Sitting between my almost-forty-year-old legs in the open kayak
You snuggle your wisp of a spine into my soft, warm belly.
Only your tiny, six-year-old-boy, left hand
Emerges from the cocoon
To lazily play the line,
Or kind of hoping,
To catch a mackerel.
We bob on the water
To the will of the every-other-second swell.
Your sister bravely mans the bow,
Paddling to her father's instruction.
- I think I feel a pull, Dad
Nothing but the lead weight bouncing off the bottom.
I reveal a hook, but only the first of the seven submerged.
- Look, I say...
- But what about the others, you say
- None there either, I say
- Show them to me, you insist
But you haven't moved a muscle from your nest
You're too warm, too cosy
Or is it that you are just between two minds...
... About whether you really want to kill a mackerel?
Into this supressed psychological struggle,
Your brave sister voices a struggle of her own:
- I'm getting splashed, Dad, and I'm a bit uncomfortable
- But I think I don't care, because I love this, Dad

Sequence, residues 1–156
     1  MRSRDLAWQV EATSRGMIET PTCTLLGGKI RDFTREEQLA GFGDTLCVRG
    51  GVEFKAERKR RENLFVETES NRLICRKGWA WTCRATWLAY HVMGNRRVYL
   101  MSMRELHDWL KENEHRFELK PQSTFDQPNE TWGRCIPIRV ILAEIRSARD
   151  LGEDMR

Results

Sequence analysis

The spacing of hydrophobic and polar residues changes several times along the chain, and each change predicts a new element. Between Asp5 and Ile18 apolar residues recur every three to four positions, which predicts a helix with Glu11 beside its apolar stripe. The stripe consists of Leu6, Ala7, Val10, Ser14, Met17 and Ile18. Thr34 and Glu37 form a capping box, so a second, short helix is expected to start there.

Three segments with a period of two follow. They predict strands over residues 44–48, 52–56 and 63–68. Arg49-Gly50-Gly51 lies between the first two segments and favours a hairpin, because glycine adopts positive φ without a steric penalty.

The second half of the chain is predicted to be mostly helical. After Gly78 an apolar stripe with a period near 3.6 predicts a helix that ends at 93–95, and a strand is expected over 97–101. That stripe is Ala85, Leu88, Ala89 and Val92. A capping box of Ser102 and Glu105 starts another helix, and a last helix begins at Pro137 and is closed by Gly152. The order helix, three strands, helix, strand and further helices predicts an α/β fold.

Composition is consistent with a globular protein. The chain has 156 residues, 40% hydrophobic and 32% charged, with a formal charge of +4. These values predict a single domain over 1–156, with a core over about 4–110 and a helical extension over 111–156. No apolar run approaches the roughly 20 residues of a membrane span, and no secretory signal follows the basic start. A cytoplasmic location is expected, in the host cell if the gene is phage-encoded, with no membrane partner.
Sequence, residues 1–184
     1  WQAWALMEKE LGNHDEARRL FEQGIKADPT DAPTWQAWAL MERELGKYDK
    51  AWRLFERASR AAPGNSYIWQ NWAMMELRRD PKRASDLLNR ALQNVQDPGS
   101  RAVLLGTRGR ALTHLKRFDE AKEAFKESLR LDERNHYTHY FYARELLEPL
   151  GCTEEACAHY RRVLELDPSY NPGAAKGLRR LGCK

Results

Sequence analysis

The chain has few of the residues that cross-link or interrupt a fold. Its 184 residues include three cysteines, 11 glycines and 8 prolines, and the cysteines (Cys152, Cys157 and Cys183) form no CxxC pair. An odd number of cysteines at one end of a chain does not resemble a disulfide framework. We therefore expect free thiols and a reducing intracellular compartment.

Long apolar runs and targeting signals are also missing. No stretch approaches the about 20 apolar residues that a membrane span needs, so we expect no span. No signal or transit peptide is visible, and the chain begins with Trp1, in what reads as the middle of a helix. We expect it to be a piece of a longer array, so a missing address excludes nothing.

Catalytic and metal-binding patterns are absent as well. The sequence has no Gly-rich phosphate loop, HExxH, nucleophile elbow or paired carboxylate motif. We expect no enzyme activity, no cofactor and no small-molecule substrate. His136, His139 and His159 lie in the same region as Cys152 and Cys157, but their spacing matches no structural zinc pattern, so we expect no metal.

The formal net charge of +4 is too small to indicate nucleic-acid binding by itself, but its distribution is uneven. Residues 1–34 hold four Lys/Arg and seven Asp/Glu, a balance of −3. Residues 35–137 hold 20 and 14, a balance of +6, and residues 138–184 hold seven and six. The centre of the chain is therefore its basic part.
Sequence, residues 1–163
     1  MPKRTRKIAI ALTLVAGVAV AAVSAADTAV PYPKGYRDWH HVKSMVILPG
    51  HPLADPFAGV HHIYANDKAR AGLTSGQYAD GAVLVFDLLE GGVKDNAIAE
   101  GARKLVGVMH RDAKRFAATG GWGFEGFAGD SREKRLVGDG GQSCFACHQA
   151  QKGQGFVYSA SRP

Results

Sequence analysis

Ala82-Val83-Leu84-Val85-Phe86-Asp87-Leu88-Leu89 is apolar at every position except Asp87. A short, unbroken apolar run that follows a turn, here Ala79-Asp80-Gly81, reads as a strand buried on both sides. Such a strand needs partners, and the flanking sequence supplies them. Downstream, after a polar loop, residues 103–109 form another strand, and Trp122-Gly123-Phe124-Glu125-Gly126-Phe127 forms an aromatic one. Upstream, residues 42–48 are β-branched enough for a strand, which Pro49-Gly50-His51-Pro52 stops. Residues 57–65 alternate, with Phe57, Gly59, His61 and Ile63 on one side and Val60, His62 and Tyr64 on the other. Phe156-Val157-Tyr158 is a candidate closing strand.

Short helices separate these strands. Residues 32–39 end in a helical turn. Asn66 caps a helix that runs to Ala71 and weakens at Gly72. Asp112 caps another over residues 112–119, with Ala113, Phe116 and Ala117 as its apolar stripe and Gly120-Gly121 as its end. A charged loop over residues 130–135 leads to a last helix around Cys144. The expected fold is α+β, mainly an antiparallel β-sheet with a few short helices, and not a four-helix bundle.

Christ what kind of father am I?
No, I'm doing fine
She's having a good time
Now, myself reassured, I reassure her:
- Would I bring you anywhere unsafe?, I ask
Somewhere far off, I hear Mark Keane laugh.
- And there's no sharks in Ireland, anyway, Dad
- Sure there isn't?
- Well ...
- What, Daddy?
- Of course there are none, in Ireland, in the land of Ireland
- But there are in the seas around Ireland...
You're sense of amusement kindles at your brave sister's onset of terror
- ... But (I go on) they're not in this close to the land
- They're further out
- And anyway they're small ones around Ireland
- How big, Dad?, you ask
- Not big
- As big as the kayak?
(Your pleasure in discommoding your brave sister knows no bounds)
- No, much smaller than the kayak
There's an uneasiness from the bow
- I think we might turn round, Dad
- No, honey, not yet
- We'll just go ahead here for another drift
You seize your chance with both hands, now
- Over there to where the shark place is, Dad?
You get your kick
I spend the mandatory minute restoring your sister
Then you nestle back down once more with the line
A golden setting sun marks our final trawl over the waves,
Paving your brave sister's course.
We fish and paddle round in this way,
Cradled kindly in the bosom of our briny host.
When we return home, safe and sound,
You tell mom profoundly, that you 'caught no mackerel'
Innocent unstrained relief-mixed-with-wonder:
Is there even such a fish at all?
And if there is, what will we really do if we catch one?
On that day alone there'll be meaning in life after forty.